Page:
International Friendlies – Yes, They Can Work!

The international friendly…managers despise them, fans frown upon them, the very mention of them is enough to turn the air blue.

The battle to eliminate these pointless fixtures from the football calendar rages intensely year on year, but their financial rewards ensure their safety. How else will the FA make money on Wembley?

But for all the criticism, the mithering and the despair, they can have genuine benefits beyond acting as a cash cow for football authorities – just ask Giovanni Trapattoni.

The Republic of Ireland’s three-week end of season camp has resulted in four wins, four clean sheets, and an (alleged) international trophy.

Granted the Carling Cup of Nations was in essence a glorified set of friendlies, but Trapattoni would have seen things quite differently.

For Trap, it was an ideal opportunity to not only build confidence ahead of a vital qualifying match, but also integrate inexperienced talent and work on team building. In all 21 players represented the boys in green over the four games.

And it worked. Saturday’s routine win against Macedonia keeps Ireland in touch with the top of Group B for a place in next summer’s European Championships, but it was in Tuesday’s exhibition match with Italy where the work of the last three weeks really came to fruition.

Without the likes of Shay Given, John O’Shea, Richard Dunne, Aiden McGeady, Damien Duff, Kevin Doyle and Robbie Keane, Ireland defeated an Italian side boasting Giuseppe Rossi, a reported £40 million target for Barcelona, the mercurial talents of Andrea Pirlo and, Fifa 11’s poster boy, Giorgio Chiellini.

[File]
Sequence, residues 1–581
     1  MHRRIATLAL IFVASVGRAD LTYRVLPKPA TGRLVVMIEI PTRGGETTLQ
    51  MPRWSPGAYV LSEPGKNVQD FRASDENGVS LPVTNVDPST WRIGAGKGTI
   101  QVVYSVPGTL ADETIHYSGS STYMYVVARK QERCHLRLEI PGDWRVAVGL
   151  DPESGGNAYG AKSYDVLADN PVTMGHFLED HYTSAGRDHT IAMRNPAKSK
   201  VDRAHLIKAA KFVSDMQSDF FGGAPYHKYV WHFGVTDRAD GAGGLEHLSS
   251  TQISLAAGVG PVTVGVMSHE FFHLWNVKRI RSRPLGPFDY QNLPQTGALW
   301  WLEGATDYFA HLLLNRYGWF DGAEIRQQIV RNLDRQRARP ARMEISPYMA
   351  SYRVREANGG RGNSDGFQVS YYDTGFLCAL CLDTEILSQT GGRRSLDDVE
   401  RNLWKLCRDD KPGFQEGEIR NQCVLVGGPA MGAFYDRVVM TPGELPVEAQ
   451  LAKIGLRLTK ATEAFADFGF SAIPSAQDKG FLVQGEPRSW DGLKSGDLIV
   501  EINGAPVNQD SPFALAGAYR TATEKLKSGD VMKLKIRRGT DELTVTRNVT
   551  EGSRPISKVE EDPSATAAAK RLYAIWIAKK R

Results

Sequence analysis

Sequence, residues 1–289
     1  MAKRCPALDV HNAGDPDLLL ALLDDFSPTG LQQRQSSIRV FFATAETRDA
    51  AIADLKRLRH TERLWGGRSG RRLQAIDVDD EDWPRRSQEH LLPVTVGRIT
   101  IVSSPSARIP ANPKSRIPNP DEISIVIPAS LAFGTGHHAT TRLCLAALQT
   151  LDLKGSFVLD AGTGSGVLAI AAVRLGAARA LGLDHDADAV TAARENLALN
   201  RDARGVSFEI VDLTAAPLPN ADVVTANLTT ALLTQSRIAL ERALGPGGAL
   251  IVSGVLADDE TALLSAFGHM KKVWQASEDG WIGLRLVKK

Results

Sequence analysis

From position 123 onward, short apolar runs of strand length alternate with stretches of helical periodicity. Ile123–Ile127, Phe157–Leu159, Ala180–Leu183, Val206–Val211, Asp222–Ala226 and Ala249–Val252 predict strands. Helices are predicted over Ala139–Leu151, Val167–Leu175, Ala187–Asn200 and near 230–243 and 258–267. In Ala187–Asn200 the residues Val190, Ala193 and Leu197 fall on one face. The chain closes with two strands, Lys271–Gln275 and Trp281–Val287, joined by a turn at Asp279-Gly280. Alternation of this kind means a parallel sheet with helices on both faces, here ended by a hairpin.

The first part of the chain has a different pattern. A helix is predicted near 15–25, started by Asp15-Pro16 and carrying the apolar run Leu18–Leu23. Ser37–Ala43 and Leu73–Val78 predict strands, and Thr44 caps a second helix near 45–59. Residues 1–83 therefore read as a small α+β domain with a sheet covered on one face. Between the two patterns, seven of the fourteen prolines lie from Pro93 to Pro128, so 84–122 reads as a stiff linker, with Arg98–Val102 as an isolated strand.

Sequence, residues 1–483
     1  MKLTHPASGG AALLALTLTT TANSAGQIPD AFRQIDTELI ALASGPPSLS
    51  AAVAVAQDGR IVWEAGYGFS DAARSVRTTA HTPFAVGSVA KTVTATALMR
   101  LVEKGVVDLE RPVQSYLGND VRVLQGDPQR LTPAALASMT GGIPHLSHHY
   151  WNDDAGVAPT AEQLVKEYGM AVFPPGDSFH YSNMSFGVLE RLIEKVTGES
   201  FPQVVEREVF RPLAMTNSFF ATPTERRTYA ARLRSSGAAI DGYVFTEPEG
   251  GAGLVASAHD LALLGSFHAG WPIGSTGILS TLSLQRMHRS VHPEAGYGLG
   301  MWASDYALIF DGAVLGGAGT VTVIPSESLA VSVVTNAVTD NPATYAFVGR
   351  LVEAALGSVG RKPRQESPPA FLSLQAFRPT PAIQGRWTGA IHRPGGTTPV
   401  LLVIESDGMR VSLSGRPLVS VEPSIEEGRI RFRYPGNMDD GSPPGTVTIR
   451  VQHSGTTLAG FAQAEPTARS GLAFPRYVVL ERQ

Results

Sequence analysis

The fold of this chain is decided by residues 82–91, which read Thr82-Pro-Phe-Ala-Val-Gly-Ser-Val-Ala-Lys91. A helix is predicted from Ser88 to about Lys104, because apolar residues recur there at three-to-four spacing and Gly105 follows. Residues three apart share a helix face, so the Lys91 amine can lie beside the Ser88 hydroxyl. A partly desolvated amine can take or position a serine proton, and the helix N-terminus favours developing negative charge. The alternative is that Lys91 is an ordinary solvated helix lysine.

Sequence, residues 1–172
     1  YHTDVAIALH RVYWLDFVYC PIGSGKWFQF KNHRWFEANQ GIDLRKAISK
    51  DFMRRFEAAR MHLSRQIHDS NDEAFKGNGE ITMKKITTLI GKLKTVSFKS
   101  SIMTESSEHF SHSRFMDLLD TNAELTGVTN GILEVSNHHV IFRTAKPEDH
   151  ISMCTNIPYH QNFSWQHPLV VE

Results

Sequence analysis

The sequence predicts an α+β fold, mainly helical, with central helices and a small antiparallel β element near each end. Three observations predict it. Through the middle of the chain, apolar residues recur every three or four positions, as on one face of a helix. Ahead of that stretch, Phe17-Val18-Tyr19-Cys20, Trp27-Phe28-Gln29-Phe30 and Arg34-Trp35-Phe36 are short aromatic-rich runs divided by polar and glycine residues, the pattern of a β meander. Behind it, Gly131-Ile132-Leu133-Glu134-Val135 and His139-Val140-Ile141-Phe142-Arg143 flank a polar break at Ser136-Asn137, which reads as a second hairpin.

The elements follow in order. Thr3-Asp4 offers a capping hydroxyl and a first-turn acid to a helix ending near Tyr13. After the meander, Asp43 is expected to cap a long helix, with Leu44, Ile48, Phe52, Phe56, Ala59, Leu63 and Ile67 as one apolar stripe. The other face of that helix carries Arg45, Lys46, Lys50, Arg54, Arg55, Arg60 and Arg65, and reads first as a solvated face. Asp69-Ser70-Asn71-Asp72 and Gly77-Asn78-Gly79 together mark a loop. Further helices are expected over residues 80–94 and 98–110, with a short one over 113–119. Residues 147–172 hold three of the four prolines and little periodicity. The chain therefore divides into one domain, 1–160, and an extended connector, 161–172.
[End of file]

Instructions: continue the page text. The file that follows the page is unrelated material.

In fact the Irish team, captained by the much-maligned Paul McShane, had an average of only 13 international caps each, and fielded only four regular Premier League players.

The game may have seemed meaningless in the build-up, but the 2-0 victory justifies Trapattoni’s strategy. The breakthrough of Stephen Ward, Seamus Coleman, Kevin Foley and Simon Cox widens Ireland’s options, and could provide invaluable impetus ahead of September’s crucial qualifiers versus Slovakia and Russia – wily management by the adopted leprechaun, and a rare example that friendlies can work.

Oh and one more thing on the subject of Ireland, well done Robbie Keane on becoming the first British or Irish player to reach 50 international goals.

His remarkable goalscoring feat has been met with minimal fanfare in the English media, and this is because of the idea that he has scored his goals against sub-standard opposition.

But as it stands, Keane has scored against five of the top ten teams in the FIFA rankings, including two at the 2002 World Cup against Germany and Spain, and also against France in the 2010 World Cup play-off, before Monsieur Henry’s handy intervention; all indelible memories for any Irish fan.

And it must also be remembered he plays in the same team as Kevin Kilbane and Keith Andrews, not Xavi and Iniesta!

The legs may have lost some of their youthful exuberance, and the somersault replaced by a less acrobatic celebration, but Keano remains at his talismanic best when in the green of Éire, and long may it continue.

James Riley



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